Correcting the past

Louisville’s leading LGBT group revisits altercation at Woody’s Tavern a year later

May 20, 2009 at 5:00 am

After starting a new job at the University of Louisville, it took a few months for Kaila Story to get used to the city. Having lived in Philadelphia, she was used to a more diverse urban setting, but the assistant professor was willing to give her new home a chance.

“It didn’t remind me of the South so much until I met the people,” says Story, an endowed professor of race, gender and sexuality studies, adding that she was particularly pleased with the fact that she quickly was welcomed into both black and gay social circles. But then something happened to change her perception: “I got called a nigger, and since then I’ve pretty much seen [the city] as being racist.”

Last year while visiting Woody’s Tavern, a gay bar near campus, Story, who is openly gay, and a group of mostly black LGBT friends were playing pool. Two dogs charged into the room barking and Story, fearful, jumped on the table, prompting the man with the dogs to begin lambasting her, saying he didn’t like “big girls” on his pool table.

An argument ensued and the altercation spilled into the street. The man with the dogs, who they claim was the bar’s owner, David Norton, allegedly followed them outside and hurled epithets, calling them “cunts,” “bitches,” “niggers” and other slurs.

In the wake of the exchange, Story was shocked and disappointed that local LGBT activists were not outraged about the incident — there were no protests, no boycotts, not even a letter to Norton, who also owns Magnolia Bar & Grill in Old Louisville. When LEO Weekly inquired about the incident last year, Norton denied the whole thing and said he wasn’t even at Woody’s that night. A day after the altercation, however, a bartender said Norton was indeed at the tavern with his dogs when the incident occurred. Several attempts to contact Norton for this story were unsuccessful.

“People were paralyzed and didn’t know what to do because it was primarily a race issue within the LGBT community,” Story says. “The reason why he felt like he could deal with us a certain way was because we were black. It’s something the LGBT community doesn’t really want to talk about.”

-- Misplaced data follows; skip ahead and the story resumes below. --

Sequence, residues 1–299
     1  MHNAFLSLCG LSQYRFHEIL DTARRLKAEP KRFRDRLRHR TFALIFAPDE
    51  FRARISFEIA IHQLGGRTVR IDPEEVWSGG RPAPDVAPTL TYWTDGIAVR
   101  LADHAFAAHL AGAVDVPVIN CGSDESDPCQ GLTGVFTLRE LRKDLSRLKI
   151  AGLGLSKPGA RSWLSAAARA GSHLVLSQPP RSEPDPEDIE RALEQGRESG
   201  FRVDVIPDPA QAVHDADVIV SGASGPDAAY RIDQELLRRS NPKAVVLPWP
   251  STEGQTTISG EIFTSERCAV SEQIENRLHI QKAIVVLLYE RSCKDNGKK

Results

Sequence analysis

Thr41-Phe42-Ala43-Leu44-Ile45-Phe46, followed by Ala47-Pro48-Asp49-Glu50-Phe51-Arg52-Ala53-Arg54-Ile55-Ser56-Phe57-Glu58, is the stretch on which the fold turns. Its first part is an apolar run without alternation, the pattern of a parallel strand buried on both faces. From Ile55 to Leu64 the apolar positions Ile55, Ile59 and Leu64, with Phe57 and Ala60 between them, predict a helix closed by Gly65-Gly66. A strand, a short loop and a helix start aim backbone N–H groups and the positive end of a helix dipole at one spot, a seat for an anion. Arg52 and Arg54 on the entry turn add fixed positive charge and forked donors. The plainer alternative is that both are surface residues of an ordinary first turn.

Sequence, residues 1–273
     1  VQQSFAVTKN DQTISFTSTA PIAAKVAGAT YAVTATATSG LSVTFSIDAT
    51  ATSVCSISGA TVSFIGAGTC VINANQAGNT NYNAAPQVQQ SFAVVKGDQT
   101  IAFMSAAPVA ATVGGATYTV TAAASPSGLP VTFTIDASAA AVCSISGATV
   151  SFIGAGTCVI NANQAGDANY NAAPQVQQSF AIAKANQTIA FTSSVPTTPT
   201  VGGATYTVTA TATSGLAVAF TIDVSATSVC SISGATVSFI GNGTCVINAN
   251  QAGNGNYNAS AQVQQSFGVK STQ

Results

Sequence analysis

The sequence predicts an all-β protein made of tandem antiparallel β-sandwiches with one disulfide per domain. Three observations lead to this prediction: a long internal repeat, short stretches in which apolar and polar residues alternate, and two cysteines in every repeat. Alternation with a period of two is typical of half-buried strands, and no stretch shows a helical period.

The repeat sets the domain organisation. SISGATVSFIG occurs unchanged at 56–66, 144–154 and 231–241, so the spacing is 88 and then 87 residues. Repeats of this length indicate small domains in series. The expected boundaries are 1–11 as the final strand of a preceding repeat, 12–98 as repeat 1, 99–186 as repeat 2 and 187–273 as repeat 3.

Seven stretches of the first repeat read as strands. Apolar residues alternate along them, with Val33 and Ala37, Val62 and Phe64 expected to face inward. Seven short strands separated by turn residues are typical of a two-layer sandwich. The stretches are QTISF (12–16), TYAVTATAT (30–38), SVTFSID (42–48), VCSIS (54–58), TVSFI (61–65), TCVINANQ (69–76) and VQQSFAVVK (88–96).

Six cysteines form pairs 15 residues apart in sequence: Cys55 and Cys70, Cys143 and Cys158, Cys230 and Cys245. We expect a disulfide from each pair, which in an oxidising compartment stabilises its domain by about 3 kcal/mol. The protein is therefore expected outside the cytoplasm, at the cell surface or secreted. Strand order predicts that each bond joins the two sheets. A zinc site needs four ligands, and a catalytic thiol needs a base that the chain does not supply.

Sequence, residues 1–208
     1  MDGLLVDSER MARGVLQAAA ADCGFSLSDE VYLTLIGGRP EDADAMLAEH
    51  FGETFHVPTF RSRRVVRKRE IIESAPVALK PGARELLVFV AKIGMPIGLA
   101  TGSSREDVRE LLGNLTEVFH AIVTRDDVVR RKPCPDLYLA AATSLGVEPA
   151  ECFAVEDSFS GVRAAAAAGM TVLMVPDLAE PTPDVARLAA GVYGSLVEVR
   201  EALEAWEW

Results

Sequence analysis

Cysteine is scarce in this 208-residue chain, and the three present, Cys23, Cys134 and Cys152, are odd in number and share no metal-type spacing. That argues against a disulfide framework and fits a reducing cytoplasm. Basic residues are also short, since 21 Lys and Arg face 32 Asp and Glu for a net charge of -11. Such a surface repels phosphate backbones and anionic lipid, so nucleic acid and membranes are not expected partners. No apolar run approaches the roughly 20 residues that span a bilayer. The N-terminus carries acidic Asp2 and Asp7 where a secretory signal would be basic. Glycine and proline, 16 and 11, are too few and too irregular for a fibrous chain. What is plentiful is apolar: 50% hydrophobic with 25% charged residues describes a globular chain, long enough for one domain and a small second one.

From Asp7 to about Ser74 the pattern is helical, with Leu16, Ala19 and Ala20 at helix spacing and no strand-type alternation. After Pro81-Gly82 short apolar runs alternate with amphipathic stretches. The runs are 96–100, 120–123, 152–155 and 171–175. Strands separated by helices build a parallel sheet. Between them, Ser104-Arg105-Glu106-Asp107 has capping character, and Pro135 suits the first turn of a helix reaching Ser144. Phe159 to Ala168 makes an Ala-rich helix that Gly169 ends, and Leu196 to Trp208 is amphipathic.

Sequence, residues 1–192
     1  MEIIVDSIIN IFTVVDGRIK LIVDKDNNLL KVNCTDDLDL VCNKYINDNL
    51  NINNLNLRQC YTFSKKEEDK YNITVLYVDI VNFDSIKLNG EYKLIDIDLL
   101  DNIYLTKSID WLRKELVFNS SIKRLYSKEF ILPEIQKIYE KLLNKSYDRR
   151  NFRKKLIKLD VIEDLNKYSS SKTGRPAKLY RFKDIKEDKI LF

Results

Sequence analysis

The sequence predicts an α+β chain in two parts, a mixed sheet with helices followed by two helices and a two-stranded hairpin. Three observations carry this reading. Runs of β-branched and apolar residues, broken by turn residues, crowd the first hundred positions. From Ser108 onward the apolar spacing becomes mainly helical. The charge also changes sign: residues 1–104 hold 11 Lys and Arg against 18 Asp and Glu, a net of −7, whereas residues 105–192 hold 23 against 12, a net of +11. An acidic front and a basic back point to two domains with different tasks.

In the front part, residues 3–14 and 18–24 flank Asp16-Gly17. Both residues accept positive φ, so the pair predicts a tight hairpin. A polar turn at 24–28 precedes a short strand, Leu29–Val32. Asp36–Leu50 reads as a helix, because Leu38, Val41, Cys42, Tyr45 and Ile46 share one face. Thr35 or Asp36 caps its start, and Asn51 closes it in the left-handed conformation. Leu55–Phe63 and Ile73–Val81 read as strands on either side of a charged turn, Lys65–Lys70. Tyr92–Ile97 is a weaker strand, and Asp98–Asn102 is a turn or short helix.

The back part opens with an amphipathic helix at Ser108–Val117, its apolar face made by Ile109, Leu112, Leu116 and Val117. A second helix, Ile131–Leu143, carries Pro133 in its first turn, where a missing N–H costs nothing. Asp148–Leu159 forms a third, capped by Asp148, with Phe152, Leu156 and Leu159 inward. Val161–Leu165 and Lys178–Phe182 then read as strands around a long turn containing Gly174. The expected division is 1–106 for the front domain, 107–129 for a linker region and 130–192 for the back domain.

In stark contrast to that complacency the LGBT community became irate last summer when a local McDonald’s employee accosted two white gay men with homophobic slurs. Due to a protest and legal assistance from the American Civil Liberties Union of Kentucky, that situation resulted in the fast food chain requiring diversity training at 30 area restaurants and shelling out a $2,000 settlement for the two plaintiffs.

Unnerved by the disparity, one local gay rights activist recently reignited discussion about the Woody’s incident, writing a public letter to Norton.

“I would’ve liked to have seen some greater response to what happened at Woody’s,” says Brian Buford, director of the university’s LGBT Services office. “I wished people would have boycotted. Individuals did, but in terms of an organized effort, there wasn’t one.”

In observance of the one-year anniversary of the incident, Buford wrote and posted a letter on the website of the Fairness Campaign, the city’s chief gay rights organization. The letter began circulating and got the attention of the Fairness Campaign’s new director, Chris Hartman, who felt compelled to address what he called a missed opportunity last year.

“Discrimination is discrimination. Any sort against any people is absolutely unacceptable and we will not allow it to go silently by,” says Hartman, who is now urging Norton to apologize. “It’s deplorable to continue to not offer an apology.”

Although Hartman agrees not enough attention was brought to the Woody’s incident initially, he says the organization now is determined to resolve the matter and move forward.

Hartman has since met with Story and is in the process of drafting a letter, which he plans to deliver to Woody’s this week.

Addressed to Norton, the letter once again asks for a public apology and a discussion on how to “repair relationships that have been damaged by this incident.”

Though he would not commit Fairness to any action, if meetings with Norton do not materialize he says a formal boycott of the bar is possible.